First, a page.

Date of Degree
Cognitive control is the essential high-order information processing system of human brains. Understanding cognitive control helps improve the diagnostic and treatment of various neurological disorders. We focus on learning the uncertainty representation in cognitive control, namely, how human brains react to the same task with different levels of uncertainty, using task-evoked function MRI images. The learning includes two tasks: identification of key brain regions and brain connectivities. We propose an interpretable convolutional neural network, called ROI-reweight 3D CNN, to identify key brain regions. We train a classifier for task-evoked fMRI images, which also locates crucial ROIs based on a reweight layer. Brain connectivity analysis can be formulated as a graph inference problem, in which the edges in the graph indicate relations between ROIs. We propose a neural architecture based on Markov Random Fields (MRF) for the brain network learning task. The neural network learns a graphical model as brain connectivity pattern. Furthermore, we are interested in learning the differential connectivity patterns under different uncertainty conditions. We design a neural network architecture which learns to decide whether two input images are from the same class (uncertainty level). The key is to identify an underlying graphical model (MRF) that captures the difference between different uncertainty levels.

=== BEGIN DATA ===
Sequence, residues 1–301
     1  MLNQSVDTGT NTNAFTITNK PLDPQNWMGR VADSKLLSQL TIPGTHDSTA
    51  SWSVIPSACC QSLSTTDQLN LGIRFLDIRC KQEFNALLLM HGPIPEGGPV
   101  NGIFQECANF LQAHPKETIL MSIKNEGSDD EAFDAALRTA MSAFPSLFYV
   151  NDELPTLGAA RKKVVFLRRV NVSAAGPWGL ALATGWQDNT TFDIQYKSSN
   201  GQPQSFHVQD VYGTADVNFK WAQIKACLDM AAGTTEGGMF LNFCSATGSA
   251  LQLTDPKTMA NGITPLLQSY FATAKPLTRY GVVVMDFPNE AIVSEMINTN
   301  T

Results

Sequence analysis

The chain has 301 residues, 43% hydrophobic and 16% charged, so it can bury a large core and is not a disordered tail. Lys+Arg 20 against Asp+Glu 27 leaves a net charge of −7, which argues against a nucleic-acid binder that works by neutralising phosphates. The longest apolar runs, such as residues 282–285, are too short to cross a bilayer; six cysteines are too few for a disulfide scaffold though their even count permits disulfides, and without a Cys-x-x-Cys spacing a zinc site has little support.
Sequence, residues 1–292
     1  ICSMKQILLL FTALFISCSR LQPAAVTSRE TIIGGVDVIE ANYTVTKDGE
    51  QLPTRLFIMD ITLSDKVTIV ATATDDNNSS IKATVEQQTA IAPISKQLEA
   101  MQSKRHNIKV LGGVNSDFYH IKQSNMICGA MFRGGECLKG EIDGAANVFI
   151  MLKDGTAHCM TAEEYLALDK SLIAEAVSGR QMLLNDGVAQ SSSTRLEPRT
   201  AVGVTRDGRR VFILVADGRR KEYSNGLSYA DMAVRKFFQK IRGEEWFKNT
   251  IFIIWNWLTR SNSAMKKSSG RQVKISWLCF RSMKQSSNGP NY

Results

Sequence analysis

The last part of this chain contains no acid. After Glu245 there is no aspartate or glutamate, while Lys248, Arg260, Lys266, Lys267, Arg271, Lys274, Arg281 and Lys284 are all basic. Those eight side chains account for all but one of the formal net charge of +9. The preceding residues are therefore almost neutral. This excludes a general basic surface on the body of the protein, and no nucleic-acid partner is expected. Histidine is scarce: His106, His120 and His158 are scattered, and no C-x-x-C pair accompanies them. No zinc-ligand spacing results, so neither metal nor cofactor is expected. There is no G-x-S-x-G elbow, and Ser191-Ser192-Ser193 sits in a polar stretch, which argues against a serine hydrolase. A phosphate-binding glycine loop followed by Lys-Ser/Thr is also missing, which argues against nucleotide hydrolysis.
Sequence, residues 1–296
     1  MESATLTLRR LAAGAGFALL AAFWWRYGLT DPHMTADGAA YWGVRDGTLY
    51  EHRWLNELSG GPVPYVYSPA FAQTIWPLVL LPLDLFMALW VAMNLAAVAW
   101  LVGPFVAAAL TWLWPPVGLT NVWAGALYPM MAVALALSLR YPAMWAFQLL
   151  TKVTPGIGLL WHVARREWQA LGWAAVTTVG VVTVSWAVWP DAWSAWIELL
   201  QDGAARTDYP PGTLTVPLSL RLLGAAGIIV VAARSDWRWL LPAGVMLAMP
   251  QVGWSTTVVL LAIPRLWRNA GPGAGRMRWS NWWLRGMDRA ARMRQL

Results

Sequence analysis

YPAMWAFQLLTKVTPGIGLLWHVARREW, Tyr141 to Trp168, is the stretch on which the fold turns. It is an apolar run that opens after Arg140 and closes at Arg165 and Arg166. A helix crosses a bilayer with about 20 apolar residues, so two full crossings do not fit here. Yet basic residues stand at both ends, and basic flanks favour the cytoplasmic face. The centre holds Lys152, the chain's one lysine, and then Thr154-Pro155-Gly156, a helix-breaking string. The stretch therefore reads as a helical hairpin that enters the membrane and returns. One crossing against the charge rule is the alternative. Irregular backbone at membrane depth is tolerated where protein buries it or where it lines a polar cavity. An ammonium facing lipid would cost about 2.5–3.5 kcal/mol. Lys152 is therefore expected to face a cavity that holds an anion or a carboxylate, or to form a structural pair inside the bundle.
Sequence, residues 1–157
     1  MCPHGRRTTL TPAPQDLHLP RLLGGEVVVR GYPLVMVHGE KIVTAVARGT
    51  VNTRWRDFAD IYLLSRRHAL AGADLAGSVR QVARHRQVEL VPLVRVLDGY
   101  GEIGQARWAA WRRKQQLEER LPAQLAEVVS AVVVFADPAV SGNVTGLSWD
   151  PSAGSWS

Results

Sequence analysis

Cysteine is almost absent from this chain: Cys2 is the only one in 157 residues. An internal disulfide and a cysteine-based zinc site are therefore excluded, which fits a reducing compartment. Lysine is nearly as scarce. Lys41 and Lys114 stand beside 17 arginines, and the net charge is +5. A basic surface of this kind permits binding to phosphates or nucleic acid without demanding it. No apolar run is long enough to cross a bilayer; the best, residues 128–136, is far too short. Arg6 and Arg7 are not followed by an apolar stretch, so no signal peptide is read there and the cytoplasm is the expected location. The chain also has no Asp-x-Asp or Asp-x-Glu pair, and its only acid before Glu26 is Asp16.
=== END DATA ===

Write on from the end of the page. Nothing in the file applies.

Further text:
Ni, Xiuyan, "Understanding Human Cognitive Control via fMRI Analysis" (2019). CUNY Academic Works.
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